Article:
Tax & Accounting Blog

Outsourcing for accountants

Accountancy Practices, Business Strategy & Development, Compliance July 23, 2019

Have you ever considered approaching your work a different way – by outsourcing some of your services to someone perhaps more specialised in that area? Opting to sub-contract some of the non accountancy-based work seems to go in and out of fashion in the profession. However, in light of unprecedented technological advancement, have we come full circle? Should accountants re-consider the practice as a suitable way to free up time and focus on more valuable projects? It’s a topic which sometimes gets a bad rep within the profession, but could be a viable option for accountants to prepare for the future.

Technology advancement is being used to solve problems like Making Tax Digital, so perhaps outsourcing certain tasks is now back in vogue. A multitude of tasks can be outsourced, even coping with an overwhelming inbox….

As a partner or sole practitioner, your daily routine at work is likely to consist of numerous tasks which lay outside the realm of the accountancy work you were trained to do. These everyday business tasks can include recruiting new staff, marketing your services and managing your IT network, to name a few.
Below are three ways outsourcing can be used across the profession:

Outsource compliance

More and more accountants are outsourcing the ‘boring’ non-profitable parts of the job to focus on higher yielding, more profitable co nsulting work. The main benefit of this is to cut costs and afford more time to meet with clients to discuss their business objectives. Some outsourcing firms even suggest they can help improve profit on client margins by 50%! By outsourcing a backlog of VAT returns, year-end Accounts or Payroll, for example, some accountants reap the benefits from freeing up their time to make way for higher value advisory work.

However, the quality of work undertaken by outsourcing companies is a point usually raised when considering the risk. If more time is spent checking the work than would have been done to do it in the first place, it is easy to see why large firms and sole practitioners alike aren’t easily persuaded to hand over the reins at the risk of effecting their reputation. Ask these three questions to any potential outsources to ensure their process are reliable and secure.

Outsource recruitment

Can’t find the right people to power your practice? Our report on the future of accountancy highlights that finding the right talent is of major concern within the profession. Recruitment is the main driver contributing to the apparent outsourcing boom as smaller practices struggle to compete in a tough recruitment market.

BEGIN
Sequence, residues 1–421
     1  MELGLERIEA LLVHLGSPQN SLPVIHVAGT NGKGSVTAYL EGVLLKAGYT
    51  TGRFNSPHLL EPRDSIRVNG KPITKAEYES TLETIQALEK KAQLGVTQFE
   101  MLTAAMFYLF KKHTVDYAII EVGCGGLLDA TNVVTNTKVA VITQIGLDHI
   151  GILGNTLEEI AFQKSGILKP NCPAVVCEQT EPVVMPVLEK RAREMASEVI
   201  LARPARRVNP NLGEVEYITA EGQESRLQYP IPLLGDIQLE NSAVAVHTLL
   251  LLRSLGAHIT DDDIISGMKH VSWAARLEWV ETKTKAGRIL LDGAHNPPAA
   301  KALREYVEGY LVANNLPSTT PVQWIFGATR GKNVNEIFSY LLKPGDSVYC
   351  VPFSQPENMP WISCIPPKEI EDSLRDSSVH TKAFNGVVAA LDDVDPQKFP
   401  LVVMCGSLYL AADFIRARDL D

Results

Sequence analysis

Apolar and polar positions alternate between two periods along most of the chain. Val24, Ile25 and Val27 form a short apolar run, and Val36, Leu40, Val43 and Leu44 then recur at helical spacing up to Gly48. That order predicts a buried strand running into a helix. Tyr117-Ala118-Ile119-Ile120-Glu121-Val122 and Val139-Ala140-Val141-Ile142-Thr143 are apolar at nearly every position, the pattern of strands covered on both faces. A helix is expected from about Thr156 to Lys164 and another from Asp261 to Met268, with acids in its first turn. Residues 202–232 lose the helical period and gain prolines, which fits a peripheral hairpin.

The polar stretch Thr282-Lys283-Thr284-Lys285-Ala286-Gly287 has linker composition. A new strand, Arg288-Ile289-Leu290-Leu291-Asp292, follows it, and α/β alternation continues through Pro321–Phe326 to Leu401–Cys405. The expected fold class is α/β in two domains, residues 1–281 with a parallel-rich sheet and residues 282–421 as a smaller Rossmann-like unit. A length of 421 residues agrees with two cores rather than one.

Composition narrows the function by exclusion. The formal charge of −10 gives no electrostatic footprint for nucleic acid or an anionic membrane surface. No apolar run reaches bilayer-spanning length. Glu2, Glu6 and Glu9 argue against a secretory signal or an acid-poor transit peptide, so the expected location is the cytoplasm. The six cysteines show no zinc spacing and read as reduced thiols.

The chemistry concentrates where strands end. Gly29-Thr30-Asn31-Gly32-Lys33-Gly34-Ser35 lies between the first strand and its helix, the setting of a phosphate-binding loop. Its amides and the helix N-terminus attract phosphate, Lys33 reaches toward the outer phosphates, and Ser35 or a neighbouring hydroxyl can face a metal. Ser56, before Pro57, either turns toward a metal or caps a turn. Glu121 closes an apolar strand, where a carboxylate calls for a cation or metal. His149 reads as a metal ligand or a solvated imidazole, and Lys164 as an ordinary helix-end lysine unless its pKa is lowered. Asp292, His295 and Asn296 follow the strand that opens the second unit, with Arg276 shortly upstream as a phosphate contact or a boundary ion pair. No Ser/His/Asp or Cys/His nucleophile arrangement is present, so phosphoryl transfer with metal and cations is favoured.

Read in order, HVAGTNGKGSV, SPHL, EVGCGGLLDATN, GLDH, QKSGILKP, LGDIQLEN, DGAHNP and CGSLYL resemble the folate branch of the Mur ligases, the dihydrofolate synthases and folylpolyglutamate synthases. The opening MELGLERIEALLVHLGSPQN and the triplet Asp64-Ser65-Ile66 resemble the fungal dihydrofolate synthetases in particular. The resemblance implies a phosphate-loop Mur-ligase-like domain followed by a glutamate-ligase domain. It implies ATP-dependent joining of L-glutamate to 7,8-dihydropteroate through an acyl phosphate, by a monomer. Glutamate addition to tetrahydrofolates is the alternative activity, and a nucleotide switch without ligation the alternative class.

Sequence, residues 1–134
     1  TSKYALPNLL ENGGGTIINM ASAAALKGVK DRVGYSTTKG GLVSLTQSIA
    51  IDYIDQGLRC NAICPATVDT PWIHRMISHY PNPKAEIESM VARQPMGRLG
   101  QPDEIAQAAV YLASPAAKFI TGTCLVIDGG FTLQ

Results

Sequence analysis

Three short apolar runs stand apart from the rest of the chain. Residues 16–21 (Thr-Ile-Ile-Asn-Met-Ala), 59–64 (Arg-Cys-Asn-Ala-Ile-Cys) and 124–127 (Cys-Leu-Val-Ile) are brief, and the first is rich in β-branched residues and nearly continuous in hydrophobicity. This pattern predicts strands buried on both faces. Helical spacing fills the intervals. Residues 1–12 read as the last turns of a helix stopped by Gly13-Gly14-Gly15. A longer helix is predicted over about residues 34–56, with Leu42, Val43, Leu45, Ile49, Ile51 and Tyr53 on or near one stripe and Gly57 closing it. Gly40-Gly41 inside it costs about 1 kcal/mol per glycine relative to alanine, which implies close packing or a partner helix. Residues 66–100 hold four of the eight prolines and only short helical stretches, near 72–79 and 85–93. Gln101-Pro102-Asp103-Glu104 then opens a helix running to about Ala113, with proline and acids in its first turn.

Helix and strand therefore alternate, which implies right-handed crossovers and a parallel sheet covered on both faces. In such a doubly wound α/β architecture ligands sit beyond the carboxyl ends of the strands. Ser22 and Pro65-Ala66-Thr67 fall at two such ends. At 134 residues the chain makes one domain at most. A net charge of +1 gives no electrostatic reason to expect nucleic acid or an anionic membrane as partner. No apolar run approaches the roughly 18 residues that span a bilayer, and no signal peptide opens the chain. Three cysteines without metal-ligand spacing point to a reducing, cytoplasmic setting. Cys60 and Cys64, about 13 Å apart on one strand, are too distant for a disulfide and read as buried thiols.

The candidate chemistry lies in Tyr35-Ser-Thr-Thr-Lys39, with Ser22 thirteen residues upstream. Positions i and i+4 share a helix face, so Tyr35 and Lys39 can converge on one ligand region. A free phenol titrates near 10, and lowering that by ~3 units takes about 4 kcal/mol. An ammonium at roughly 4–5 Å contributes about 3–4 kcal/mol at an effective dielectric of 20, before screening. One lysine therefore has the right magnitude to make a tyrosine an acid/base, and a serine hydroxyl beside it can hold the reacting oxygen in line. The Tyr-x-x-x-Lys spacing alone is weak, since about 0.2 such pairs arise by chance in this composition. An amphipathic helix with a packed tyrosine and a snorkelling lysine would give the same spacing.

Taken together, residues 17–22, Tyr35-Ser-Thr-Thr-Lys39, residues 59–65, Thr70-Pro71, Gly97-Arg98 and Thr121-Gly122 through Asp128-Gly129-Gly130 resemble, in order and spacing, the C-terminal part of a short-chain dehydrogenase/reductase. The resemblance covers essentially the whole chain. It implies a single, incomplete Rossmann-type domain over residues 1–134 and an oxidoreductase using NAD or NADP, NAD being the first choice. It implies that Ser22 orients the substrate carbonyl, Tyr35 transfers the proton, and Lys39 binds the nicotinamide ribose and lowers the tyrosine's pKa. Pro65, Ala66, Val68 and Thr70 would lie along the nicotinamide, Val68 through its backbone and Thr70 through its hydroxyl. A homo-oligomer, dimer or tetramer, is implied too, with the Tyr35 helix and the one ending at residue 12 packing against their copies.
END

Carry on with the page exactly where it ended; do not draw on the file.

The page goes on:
Rather than recruiting, outsourcing can be used to gain more capacity rather than recruiting and training junior staff. Vipul Sheth, Director of Advance Track believes there is still a role for well qualified staff to support the changing role of accountants in practice. He notes that his clients (accountants) are “changing the type of staff they recruit from staff those that ‘man the engine room’, to staff that are recruited because they are comfortable sitting and talking to clients about their business and finances.”

Vipul acknowledges the challenge for accounting practices globally to be “attracting and then retaining the best talent which will continue to drive demand offshore.”

Many accountants reap the benefits from incorporating outsourcing into their core business strategy, but questions remain over the reputational aspect of taking things offshore – perhaps away from the traditional role of your everyday accountant.

Outsource marketing

Has an increased online presence from other practices made your reconsider your marketing efforts? Boosting your online search capabilities has never been easier and can be done by any business owner regardless of their skillset. However, running digital campaigns and writing blogs to increase traffic to your website are often time-consuming activities which can be outsourced to specialist individuals.

As another example, social media marketing is a proven method to attract prospective clients but unless you have experience in creating a strategy to suit the needs of your business, it could be a timely activity. A social specialist could amend your ads are targeting from loss-making to profit-making.

However, ROI in these circumstances should be carefully considered. Large firms can invest more capital into creating and adjusting paid adverts which brings the desired volume of leads. Some small firms find that word of mouth referrals are the preferred method of finding clients, which incurs very little cost (if any!).


Each individual practice should carefully consider both the pros and cons of delegating a certain task before making it an element in their core business strategy.

Last years’ Accountant of tomorrow survey of 350 UK accountants revealed outsourcing to be one of six areas accountants would consider when preparing for the future. With an expected increase in the role as an advisor in the ‘new world of accountancy’, it seems beneficial to be able to outsource tasks such as data processing to make way for higher value conversations with clients. Outsourcing compliance work can be a great solution if you are looking to expand your practice quickly, but can seem immoral to some traditional accountants.